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Engineering student develops app that tells how much to study for desired results

22, Dec 2014 By Ad-min

Indore. How long before one should finally open the textbook and close the laptop has always been a dilemma for students cutting across campuses and courses.

Students have often struggled to solve crucial questions like “should I watch this last movie I had downloaded last night before I start studying today?” and “I think I can skip the last chapter and still get good grades thanks to relative grading” but now they can look forward to some help.

A third-year computer engineering student at local Babli Technological Institute has developed an application that can now tell students when to pick up and open the books, and how many hours to study before they can go back to downloading movies or checking out Facebook feeds.

“See, it’s all about planning,” explained Ramesh Kala, the student who developed the algorithm and app, “Everyone might not want to go to US for higher study or work in an investment bank, and so everyone doesn’t have to invest the same hours of study. You invest based on what returns you expect, isn’t it? My app asks people to choose returns i.e. how much CGPA they are targeting, what job they desire, etc. and then it tells them how much and when to study.”

Research
This is how the algorithm for the application was developed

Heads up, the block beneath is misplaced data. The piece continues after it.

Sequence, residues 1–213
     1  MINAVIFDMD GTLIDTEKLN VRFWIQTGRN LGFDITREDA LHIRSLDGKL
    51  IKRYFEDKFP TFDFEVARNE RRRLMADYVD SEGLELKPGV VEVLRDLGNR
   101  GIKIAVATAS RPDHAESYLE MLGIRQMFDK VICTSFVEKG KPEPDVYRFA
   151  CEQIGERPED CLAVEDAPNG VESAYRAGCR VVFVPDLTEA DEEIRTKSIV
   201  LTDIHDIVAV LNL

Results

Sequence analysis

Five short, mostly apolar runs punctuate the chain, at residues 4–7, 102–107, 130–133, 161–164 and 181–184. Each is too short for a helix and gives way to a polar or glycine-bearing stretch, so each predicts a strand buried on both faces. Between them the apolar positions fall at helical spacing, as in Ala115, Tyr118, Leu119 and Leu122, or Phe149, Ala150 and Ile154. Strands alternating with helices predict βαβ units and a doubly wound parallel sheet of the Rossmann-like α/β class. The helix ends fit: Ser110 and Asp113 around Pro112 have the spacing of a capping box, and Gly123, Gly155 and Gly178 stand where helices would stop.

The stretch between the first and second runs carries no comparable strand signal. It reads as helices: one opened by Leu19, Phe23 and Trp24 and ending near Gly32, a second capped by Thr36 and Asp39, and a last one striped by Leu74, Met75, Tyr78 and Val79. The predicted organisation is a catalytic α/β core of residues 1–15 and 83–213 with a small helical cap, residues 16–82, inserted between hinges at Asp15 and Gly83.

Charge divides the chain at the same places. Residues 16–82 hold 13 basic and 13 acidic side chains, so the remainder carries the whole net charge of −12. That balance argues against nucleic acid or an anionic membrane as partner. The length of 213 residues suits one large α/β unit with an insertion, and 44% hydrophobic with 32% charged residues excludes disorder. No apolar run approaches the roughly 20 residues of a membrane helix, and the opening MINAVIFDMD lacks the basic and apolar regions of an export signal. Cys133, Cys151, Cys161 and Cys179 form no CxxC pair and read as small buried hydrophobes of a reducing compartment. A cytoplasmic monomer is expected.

One of the most basic features of the app is to calculate hours required to study based on the current grades or marks of a student.

“Yes, most of the times they are inversely related,” Ramesh revealed.

But the app tells a student more than just that. Apart from your past academic grades, you have to sign in with your social media profiles and it tells you even the best time of the day when you should study.

It analyzes your tweets and Facebook posts and comes up with a solution. For example, if you have been compulsively posting messages about cricket or Bigg Boss, the app will work out a study schedule that doesn’t clash with cricket matches, TV programs, movie releases, favourite politician’s rallies, or possible time of selfie posted by girls in the social network.

“In over excitement and due to over confidence, many students plan to study at a time when they just can’t. They soon get distracted by these things and end up unprepared for exams. Now these problems will be things of past,” Ramesh claimed.

This app, also being branded as “academic investment planner” by Ramesh also predicts what future colleges a student may get in and the kind of salaries one may attract based on various inputs and data collected from various users.

The only thing it can’t predict is whether and when will one get a girlfriend or boyfriend.

“I study in an engineering college so I couldn’t get enough data,” Ramesh told Faking News when asked why his app doesn’t cover this aspect.